One of my favorite things is the interaction between graduate and undergraduate students, who all share the same shop space and machine room. This has been such a source of inspiration. I’ve received some of the best advice from undergrads and am constantly blown away by their creativity. Being around such fantastic work has pushed me to make things I wouldn’t otherwise dare to consider.
How did you land the Intersect by Lexus commission?
I created the Coil Bench for my first graduate studio at RISD. I was excited about the design so I posted a video to my Instagram page that took off. After Design Milk featured the Coil Bench last February, Milk Agency [no affiliation] contacted me.... They were gathering proposals—mostly from NYC-based design studios—but lumped me into that group after seeing the video.
They accidentally cc’d all the other designers on the initial email, so I almost didn’t pursue the commission after seeing who else they had contacted. I figured there was no chance I would get it... and it would be a massive time commitment at the height of spring semester. But [Furniture Design Graduate Program Director] Patty Johnson convinced me to give it a shot—and I’m eternally grateful for that.
What did you actually make—from concept to the final product?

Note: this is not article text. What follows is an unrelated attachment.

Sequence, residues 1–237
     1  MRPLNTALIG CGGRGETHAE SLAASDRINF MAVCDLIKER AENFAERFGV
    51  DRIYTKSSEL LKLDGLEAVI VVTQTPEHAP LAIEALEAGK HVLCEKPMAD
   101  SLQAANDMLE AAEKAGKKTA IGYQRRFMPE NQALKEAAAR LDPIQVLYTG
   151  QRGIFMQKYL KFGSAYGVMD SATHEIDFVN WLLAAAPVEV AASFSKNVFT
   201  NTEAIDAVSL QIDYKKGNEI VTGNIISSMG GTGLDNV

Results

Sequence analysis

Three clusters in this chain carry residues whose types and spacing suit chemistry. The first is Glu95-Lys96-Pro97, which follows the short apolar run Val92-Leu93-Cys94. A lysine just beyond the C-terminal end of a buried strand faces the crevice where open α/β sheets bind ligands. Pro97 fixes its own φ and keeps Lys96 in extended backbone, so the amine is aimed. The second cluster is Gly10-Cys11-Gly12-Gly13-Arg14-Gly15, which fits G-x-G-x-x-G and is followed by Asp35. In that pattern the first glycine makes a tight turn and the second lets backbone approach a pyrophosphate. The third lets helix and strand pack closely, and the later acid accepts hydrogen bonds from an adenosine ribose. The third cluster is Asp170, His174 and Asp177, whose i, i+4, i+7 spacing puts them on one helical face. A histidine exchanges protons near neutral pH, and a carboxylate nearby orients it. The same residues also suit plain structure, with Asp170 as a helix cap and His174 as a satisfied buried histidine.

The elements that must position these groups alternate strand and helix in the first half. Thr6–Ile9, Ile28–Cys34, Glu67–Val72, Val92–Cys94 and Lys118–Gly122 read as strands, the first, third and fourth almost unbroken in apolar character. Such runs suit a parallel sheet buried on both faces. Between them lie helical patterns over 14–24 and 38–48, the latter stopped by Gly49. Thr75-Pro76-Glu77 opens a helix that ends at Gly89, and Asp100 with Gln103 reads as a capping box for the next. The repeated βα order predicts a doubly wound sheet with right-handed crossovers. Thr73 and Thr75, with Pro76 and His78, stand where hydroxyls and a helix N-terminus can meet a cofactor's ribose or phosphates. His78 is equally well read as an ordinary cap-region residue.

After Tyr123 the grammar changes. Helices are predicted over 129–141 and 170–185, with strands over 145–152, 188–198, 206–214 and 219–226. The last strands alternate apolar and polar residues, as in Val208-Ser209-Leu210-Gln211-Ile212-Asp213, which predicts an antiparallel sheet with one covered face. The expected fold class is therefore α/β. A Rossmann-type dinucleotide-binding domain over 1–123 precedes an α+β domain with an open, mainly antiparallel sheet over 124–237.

Lexus wanted a seating installation for the first-floor “garage” space where they often display a concept car. The piece needed to engage and draw people in from other areas of the space and align with the brand’s design philosophy. The Coil Bench draws inspiration from natural structures and aquatic organisms, making it match up nicely with Lexus’ aesthetics. It’s interactive, eye-catching and has a clear formal relationship to an automobile that was a significant draw for the client.
Determining what scale and materials would be the best fit for the space took time. I explored a variety of materials and finishes before deciding on a dark grey finish with inlaid brass and Lexus leather. Since I had to start in April while classes were running, I hired a local fabricator for much of the production work. He built and painted all of the frames and then delivered them to my studio space on campus so I could do all of the inlay work.